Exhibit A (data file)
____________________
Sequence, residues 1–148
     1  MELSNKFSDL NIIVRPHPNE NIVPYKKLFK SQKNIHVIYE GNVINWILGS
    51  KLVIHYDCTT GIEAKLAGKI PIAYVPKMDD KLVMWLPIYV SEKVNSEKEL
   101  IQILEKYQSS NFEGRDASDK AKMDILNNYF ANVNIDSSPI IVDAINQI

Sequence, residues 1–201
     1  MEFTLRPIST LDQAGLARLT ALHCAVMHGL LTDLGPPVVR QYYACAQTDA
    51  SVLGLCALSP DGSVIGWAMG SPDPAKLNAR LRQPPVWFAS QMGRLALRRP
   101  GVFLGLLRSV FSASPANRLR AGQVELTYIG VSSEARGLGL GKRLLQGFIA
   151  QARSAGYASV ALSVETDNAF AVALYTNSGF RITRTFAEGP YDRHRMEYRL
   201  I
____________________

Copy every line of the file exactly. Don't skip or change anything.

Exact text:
Sequence, residues 1–148
     1  MELSNKFSDL NIIVRPHPNE NIVPYKKLFK SQKNIHVIYE GNVINWILGS
    51  KLVIHYDCTT GIEAKLAGKI PIAYVPKMDD KLVMWLPIYV SEKVNSEKEL
   101  IQILEKYQSS NFEGRDASDK AKMDILNNYF ANVNIDSSPI IVDAINQI

Sequence, residues 1–201
     1  MEFTLRPIST LDQAGLARLT ALHCAVMHGL LTDLGPPVVR QYYACAQTDA
    51  SVLGLCALSP DGSVIGWAMG SPDPAKLNAR LRQPPVWFAS QMGRLALRRP
   101  GVFLGLLRSV FSASPANRLR AGQVELTYIG VSSEARGLGL GKRLLQGFIA
   151  QARSAGYASV ALSVETDNAF AVALYTNSGF RITRTFAEGP YDRHRMEYRL
   201  I